• Nakamura Shikan II (中村芝翫) from the series <i>Tōto Meisho</i> with <i>Ryogoku</i> in the background (東都名所 - 両国)
  • The Sign of the Hare (卯) from the series <i>Elegant Women Likened to the Twelve Animals of the Zodiac</i> (<i>Fūryū azuma sugata jūnishi</i> - 風流東姿十二支)
  • Center panel of <i>Women at the beach of Futami-ga-ura</i> at sunrise [二見 カ浦日の出]
  • Arashi Rikan II (嵐璃寛) as Kowari Dennai (小割伝内) / Miyamoto Musashi in the play 'Honobonoto Ura no Asagiri' (Daybreak hidden on the bay by morning fog) - [仏暁浦朝霧]
  • An <i>oiran</i> holding a bouquet of chrysanthemums - Zodiac sign of the monkey
  • Parody of Narihira's <i>Journey to the East</i> (<i>Azuma-kudri: Yatsushi no Fuji</i>)
  • Sawamura Gennosuke I (澤村源之助) as Obiya Chōemon ( 帯や長右衛門)
  • Morita Kan'ya XI as Shihei-Kō (時平公) with Arashi Rikaku II as Matsuomaru (松王丸) on the right and Seki Sanjurō III as Umeōmaru (梅王丸) with Onoe Kikujirō II as Sakuramaru (桜丸) on the left in the <i>Kuruma biki</i> or 'Pulling the carriage apart' scene
  • Dragon (Tatsu 竜) from the series <i>Elegant Women Likened to the Twelve Animals of the Zodiac</i> (<i>Fūryū azuma-sugata jūnishi</i> - 風流東姿十二支)
  • The Courtesan Miyagino and her sister Shinobu plotting to revenge the death of their father (<i>Keisei Miyagino imōto Shinobu</i> - 傾城宮城野妹しのぶ) - from the series '24 Accomplishments in Imperial Japan' (<i>Kōkuku nijūshi kō</i> - 皇國二十四功)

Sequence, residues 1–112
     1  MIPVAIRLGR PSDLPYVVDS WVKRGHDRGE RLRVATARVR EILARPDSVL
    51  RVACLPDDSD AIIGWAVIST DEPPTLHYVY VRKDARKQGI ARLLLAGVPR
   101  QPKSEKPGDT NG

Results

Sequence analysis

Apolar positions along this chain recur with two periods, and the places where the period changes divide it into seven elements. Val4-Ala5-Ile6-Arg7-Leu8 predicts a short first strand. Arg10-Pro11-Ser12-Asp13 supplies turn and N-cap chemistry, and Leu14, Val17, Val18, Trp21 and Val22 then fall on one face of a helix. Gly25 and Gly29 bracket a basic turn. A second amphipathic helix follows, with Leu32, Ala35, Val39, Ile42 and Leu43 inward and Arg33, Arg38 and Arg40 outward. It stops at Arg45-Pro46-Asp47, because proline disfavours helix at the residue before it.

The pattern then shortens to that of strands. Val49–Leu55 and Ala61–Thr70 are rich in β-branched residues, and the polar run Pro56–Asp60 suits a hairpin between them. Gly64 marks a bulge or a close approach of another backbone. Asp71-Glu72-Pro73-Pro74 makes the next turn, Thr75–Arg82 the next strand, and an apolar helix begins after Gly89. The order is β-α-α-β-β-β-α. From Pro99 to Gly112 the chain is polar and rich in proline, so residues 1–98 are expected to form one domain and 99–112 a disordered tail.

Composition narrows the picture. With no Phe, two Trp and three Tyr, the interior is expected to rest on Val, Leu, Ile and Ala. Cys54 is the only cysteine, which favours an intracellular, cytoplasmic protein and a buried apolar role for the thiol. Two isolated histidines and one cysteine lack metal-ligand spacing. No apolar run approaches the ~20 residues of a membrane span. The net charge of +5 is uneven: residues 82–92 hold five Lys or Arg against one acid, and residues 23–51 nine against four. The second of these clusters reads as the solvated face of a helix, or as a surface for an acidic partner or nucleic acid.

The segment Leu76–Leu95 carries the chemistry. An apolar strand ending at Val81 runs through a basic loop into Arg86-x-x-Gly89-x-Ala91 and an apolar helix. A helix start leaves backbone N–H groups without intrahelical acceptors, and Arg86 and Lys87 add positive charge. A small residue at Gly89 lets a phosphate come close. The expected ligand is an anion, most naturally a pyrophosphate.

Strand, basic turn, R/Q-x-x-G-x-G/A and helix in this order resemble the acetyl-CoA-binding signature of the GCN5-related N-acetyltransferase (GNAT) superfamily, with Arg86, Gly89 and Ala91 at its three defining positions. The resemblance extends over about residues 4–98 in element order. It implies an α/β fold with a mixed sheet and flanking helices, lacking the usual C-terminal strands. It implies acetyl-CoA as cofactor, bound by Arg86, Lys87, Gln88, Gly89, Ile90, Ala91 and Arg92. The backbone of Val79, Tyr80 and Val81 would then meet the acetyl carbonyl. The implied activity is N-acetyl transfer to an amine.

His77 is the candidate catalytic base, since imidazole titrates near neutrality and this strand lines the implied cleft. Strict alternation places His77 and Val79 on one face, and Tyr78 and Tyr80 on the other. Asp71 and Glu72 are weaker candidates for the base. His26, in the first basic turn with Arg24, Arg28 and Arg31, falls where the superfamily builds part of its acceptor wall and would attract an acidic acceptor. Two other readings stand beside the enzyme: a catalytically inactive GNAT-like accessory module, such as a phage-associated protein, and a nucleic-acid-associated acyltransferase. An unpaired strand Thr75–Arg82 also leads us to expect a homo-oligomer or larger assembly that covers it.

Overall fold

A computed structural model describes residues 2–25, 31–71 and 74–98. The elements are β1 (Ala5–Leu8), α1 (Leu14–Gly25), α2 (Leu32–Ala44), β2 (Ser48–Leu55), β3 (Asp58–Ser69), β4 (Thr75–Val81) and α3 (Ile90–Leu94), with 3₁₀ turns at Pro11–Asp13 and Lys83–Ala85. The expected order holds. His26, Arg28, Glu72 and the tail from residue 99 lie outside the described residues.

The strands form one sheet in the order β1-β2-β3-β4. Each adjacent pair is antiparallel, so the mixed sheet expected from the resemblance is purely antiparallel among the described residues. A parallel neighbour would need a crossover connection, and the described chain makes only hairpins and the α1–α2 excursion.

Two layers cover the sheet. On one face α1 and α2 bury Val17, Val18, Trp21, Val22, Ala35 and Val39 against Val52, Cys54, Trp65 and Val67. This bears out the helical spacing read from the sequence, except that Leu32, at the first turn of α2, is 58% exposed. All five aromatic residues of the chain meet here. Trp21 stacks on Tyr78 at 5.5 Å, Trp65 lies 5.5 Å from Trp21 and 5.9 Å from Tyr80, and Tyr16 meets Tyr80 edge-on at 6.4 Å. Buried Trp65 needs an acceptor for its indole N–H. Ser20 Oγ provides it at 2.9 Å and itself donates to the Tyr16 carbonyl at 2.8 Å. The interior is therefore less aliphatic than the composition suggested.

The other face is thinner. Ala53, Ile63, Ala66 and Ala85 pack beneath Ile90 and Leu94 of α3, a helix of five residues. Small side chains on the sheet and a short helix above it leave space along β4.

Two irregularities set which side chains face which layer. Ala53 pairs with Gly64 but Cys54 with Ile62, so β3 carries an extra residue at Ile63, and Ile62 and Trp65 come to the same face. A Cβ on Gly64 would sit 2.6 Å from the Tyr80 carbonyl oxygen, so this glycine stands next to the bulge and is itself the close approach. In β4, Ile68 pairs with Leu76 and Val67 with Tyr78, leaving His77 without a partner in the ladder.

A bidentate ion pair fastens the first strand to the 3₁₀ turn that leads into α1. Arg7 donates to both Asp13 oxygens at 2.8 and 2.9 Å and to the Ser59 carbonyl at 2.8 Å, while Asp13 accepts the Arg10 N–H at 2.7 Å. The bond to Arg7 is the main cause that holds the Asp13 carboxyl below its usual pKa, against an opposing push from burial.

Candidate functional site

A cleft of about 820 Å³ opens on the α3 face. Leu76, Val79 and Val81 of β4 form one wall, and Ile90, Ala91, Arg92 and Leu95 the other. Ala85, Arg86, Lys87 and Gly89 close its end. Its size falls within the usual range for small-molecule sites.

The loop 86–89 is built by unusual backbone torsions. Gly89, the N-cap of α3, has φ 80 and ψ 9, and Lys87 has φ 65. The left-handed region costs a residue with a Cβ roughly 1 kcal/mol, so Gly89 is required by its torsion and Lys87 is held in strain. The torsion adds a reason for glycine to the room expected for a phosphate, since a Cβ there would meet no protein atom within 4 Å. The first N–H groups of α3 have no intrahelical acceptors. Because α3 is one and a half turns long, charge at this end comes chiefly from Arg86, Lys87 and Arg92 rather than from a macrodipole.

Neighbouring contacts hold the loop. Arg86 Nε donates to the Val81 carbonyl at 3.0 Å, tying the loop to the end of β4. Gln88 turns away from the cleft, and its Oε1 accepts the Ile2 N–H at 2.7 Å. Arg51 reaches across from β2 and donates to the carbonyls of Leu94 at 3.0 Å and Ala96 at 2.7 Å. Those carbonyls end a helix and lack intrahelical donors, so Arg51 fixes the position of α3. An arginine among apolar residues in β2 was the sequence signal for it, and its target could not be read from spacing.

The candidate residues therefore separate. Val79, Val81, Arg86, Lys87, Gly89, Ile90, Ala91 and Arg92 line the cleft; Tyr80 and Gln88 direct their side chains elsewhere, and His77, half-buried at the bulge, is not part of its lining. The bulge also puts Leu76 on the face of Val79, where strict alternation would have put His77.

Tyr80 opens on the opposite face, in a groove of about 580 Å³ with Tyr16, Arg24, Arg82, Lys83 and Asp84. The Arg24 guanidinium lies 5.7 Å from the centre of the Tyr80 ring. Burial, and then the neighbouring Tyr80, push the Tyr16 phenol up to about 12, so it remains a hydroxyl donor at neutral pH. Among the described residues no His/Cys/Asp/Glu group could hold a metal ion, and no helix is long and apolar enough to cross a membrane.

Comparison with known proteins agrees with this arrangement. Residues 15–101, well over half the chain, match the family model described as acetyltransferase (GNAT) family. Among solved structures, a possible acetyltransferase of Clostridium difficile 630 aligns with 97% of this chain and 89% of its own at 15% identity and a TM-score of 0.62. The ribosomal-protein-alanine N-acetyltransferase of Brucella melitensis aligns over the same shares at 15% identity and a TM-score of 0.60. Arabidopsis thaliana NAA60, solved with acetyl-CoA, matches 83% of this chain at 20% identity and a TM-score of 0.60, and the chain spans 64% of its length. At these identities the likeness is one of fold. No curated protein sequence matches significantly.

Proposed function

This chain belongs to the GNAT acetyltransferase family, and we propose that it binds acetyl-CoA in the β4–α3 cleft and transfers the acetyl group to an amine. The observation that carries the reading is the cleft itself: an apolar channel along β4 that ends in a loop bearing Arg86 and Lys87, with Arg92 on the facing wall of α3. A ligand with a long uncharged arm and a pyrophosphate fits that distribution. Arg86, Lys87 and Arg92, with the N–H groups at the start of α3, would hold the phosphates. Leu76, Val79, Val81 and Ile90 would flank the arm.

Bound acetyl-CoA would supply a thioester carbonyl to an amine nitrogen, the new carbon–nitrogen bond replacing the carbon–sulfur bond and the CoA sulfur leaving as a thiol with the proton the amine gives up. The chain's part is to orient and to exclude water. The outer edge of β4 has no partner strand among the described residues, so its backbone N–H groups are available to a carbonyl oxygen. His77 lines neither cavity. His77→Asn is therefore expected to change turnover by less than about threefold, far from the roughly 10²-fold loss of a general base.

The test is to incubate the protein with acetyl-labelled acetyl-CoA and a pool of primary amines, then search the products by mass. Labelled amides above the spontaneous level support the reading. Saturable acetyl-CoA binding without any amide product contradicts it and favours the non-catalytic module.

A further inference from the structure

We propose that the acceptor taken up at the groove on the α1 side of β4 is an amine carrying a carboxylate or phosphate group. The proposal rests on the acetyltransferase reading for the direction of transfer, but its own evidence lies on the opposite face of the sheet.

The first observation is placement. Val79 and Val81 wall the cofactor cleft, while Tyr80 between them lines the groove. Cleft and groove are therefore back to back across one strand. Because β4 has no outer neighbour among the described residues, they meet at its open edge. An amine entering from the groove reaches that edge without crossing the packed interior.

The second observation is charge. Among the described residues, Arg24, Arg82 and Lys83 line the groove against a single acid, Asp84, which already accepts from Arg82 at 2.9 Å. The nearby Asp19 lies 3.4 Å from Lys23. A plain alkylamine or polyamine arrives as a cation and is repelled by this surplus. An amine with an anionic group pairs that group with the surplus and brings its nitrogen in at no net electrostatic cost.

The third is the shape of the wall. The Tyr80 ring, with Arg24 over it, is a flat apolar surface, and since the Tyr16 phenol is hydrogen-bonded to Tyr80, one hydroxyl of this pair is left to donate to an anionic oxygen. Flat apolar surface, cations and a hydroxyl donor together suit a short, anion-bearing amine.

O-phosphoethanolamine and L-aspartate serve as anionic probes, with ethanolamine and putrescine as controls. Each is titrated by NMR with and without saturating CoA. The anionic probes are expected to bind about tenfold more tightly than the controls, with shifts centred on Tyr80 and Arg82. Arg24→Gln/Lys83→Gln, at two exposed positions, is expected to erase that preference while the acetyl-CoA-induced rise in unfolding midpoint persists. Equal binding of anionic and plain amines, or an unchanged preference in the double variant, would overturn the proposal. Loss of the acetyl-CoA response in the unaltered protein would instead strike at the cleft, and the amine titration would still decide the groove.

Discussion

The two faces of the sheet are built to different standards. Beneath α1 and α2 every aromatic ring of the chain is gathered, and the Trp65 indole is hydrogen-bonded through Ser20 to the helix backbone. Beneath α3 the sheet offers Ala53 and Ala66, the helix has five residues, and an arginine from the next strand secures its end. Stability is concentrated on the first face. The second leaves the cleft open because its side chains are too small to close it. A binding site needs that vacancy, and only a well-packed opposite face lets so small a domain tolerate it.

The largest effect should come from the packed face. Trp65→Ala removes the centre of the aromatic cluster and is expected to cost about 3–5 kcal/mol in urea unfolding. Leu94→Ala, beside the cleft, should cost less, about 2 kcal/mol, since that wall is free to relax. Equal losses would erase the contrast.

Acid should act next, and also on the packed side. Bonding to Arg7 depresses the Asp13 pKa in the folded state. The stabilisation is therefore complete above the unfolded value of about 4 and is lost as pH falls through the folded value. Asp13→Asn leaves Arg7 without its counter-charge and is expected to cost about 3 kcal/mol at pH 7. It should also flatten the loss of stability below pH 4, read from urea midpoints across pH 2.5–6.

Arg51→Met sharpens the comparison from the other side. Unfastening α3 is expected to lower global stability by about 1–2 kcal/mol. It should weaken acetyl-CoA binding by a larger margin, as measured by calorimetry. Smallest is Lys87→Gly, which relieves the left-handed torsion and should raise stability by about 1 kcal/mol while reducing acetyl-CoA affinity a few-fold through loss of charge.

Welcome to The Lyon Collection!

Ukiyo-e Prints in the Mike Lyon Collection

Mike Lyon (artist b. 1951) was fortunate to have grown up familiar with Japanese prints. In his youth Lyon’s parents and grandparents displayed examples that certainly inspired his own artistic development. He began acquiring Japanese color woodcuts early in his career as an artist. The types of prints that feature most prominently among the many hundreds in Lyon's collection reflect the artist’s deep appreciation of the human figure and the expressive facial portrait. The vast majority of Japanese prints in the Lyon collection represent views of actors yakusha-e) and beautiful women (bijin-ga), and in particular the close-up, bust-length portraits of the same (okubi-e).

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